Celebrate The Small Victories

Meet Lion-O aka SuperMentor Brenden Mulligan (@bmull). Brenden founded ArtistData, a music industry startup that enables artists to easily keep their content up-to-date across multiple marketing channels and consumer touch points, which was acquired in May 2010 by Sonicbids. More recently, he built PhotoPile and MorningPics, two ways to revisit previously published Instagram memories.

Startups aren’t easy. They are a never-ending series of extreme ups and downs.

Your product launches! No one uses it. You get unexpected press and the user base spikes! The servers go down and all those users are pissed. You get funded by top-tier investors! A major tech blog claims a competitor will make your startup irrelevant. You strike an amazing partnership with the biggest company in the industry! The partner re-prioritizes and cancels the deal. Your company goes viral and the mainstream starts using it! Another company sues you for some stupid reason. You spin the lawsuit to generate international press! The legal fees bleed your company dry. Google wants to acquire you for tons of money! Then they acquire that competitor the tech blogs said would make you irrelevant. Oh, and the dog pissed all over your bed. And it smells.

You get the point.

Although this scenario is extreme, it’s not that exaggerated. It’s different for every company but inevitably, you will go through some of the most intense joys and disappointments. It happens to everyone, even seasoned entrepreneurs. It’s part of the process and why living this life is so exciting (and why having a supportive team/family is so important.)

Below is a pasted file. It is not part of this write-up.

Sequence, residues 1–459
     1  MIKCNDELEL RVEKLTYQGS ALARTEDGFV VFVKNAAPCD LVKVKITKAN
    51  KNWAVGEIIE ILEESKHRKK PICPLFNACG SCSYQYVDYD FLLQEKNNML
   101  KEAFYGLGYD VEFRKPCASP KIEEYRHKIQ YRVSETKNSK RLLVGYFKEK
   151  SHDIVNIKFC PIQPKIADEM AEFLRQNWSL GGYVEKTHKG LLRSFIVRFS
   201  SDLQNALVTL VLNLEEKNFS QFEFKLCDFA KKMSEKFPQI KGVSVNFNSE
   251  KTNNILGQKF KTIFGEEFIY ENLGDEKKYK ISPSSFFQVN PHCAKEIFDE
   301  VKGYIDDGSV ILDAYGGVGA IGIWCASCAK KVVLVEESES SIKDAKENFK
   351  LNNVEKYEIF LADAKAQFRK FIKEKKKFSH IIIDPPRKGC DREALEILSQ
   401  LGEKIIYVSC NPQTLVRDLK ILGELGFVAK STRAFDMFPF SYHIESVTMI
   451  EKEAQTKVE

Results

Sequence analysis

Unfortunately, the gaps between the cycles might (and usually do) contain more downs that ups. And often the downs are more extreme than the ups. So overall, especially at the beginning, the good times don’t come as often as the challenging ones. It’s rough, but there is one thing I learned to do to make this whole process easier (and more fun): celebrate the little victories.

Now, I’m not encouraging entrepreneurs to get ahead of themselves, but I want to remind everyone that creating a business from an idea and having people express any interest in what you’re doing is an insanely huge accomplishment. Be proud of it. Be excited when things go well.

Some ideas of little victories to celebrate:
*First employee hire
*First time you see or hear about someone who you didn’t talk to directly about your product, using it
*When the first major company emails you about partnering
*Someone expresses interests to acquire you
*You get an email from a customer whose life is better because of what you created

Remember, these are little victories, so the celebrations should be as well. Don’t overdo it. The point is to do something just a little out of the ordinary and special. Take your team to go see a movie some afternoon when you’d normally be working. Or go eat taco’s together away from your desks. Buy a new (reasonably priced) TV for the office. Bring in donuts one morning. Take everyone to go kart racing. Go to the supermarket and get them to make a $10 “congratulations” cake and bring it to the office. Hell, go buy a piñata and give your team a bat. Again, it’s just a small, fun activity to reward yourself and your team for doing something great.

As important as it is to celebrate with your team is, it’s equally important to share these little victories with your spouse. Most likely, whoever you share your life with hears you bitch more than they hear you celebrate. So make sure to share the good news with them too. Take them on a date. And again, make sure you’re reinforcing how rewarding your career is. When you share good news, it makes it a lot easier for them to support you through the not-so-good news.